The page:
State signs off on Jefferson County’s shoreline master program after three years of work

By Charlie Bermant
Peninsula Daily News

PORT TOWNSEND — After more than three years of debate, the state has approved Jefferson County’s shoreline master program, which sets rules for the development of land adjacent to the county’s shoreline areas.

“This is exciting news at the end of this l-o-n-g journey,” Associate Planner Michelle McConnell wrote in an email that was sent to a distribution list of interested parties Wednesday.

“Thanks to everyone for your interest, input and patience along the way.”

The state Department of Ecology approval, announced Tuesday, will go into effect Feb. 21.

“This plan that is designed to protect our shoreline and our water has taken us a good many years to accomplish,” said County Commissioner John Austin.

“It has taken a lot of patience and perseverance, especially by Michelle McConnell, as she dealt with numerous changes throughout the process.”

The plan oversees development on about 250 miles of marine shorelines including Hood Canal and the Strait of Juan de Fuca, as well as about 600 miles of river shorelines, including portions of the Quinault, Hoh, Elwha and Dungeness rivers and the shores of several lakes and streams.

The sticking point for the update to the shoreline master program, which began in 2010, was fin-fish aquaculture.

The version of the plan sent to Ecology in February 2011 contained a ban on fin-fish aquaculture, or net-pens, which raises non-native species such as Atlantic salmon in pens.

The county commissioners felt the process was hazardous to local marine life.

Ecology officials said the county had no right to ban the practice.

Ecology approved the rest of the plan, but it could not go into effect until the net-pen aspect was resolved.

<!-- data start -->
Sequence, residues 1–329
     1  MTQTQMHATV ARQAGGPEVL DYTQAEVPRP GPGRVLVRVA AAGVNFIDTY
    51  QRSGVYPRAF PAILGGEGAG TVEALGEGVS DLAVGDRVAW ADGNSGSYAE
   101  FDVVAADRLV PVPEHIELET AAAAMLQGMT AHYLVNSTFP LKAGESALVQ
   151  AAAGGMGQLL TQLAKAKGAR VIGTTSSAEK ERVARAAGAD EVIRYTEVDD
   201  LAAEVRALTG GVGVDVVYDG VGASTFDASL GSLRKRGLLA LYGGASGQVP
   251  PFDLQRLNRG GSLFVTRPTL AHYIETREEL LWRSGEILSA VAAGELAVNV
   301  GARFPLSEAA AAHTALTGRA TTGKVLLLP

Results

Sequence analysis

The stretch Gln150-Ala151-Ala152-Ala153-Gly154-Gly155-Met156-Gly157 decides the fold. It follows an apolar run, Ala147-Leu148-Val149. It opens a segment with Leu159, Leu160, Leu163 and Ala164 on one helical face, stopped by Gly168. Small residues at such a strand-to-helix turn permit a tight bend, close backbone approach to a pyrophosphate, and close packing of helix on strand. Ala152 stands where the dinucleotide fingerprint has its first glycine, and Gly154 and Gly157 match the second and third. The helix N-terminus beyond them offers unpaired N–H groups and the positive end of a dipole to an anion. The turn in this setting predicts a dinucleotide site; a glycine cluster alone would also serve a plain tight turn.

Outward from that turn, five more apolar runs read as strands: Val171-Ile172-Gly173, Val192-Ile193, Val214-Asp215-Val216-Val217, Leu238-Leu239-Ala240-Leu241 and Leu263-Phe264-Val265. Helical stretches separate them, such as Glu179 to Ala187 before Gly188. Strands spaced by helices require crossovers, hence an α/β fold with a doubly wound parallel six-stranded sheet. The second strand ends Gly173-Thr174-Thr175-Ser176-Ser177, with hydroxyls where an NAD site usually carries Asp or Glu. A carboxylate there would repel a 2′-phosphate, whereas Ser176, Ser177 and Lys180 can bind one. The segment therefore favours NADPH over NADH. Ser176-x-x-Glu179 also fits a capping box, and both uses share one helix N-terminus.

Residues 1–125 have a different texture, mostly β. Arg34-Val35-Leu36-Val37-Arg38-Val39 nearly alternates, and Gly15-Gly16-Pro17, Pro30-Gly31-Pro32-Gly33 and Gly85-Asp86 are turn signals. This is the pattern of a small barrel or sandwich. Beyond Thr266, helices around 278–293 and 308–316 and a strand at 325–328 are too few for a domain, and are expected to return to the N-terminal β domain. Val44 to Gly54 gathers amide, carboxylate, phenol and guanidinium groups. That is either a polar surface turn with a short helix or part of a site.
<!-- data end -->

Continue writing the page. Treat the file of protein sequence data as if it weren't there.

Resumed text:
No businesses have requested placing fin-fish aquaculture in Jefferson County.

Instead of a ban, commissioners proposed a rigorous permitting process, establishing stringent conditional-use guidelines.

The conditional-use permit process allows the county to evaluate proposals based on site-specific concerns and to require mitigation or use other measures to offset impacts.

Any permit application also would trigger an environmental review under the State Environmental Policy Act, according to Ecology.

Net pens will not be allowed within 1,500 feet of the boundaries of the Protection Island Aquatic Reserve, in Discovery Bay, within the South Port Townsend Bay Mooring Buoy Management Plan area or in Hood Canal, south of the line from Tala Point to Foulweather Bluff, due to water quality concerns, the plan states.

Possible siting locations are in the Strait of Juan de Fuca, Glen Cove, Mats Mats and Port Ludlow.

“Fin-fish aquaculture that uses or releases herbicides, pesticides, antibiotics, fertilizers, pharmaceuticals, nonindigenous species, parasites, genetically modified organisms or feed into surrounding waters must demonstrate all significant impacts have been mitigated,” according to the plan.

“All this does is kick it down to the permit level and deal with net pens on a case-by-case basis instead of having it be on the program level, but anyone who wants to put in a net pen will have to meet all of the conditions,” Commissioner David Sullivan said in October.

While all three county commissioners supported the ban, Commissioner Phil Johnson was the most vocal opponent and has said he is still uncomfortable with the process.

In December, he said he remained convinced that net pens are a bad idea and have a significant adverse ecological impact.

Austin said the program could be challenged and those actions would be addressed on a case-by-case basis.

“A lot of times, people say they intend to challenge a plan during its development but change their minds after it is approved,” he said.

To view the complete county shoreline master program, visit


Jefferson County Editor Charlie Bermant can be reached at 360-385-2335 or

Last modified: February 12. 2014 7:32PM
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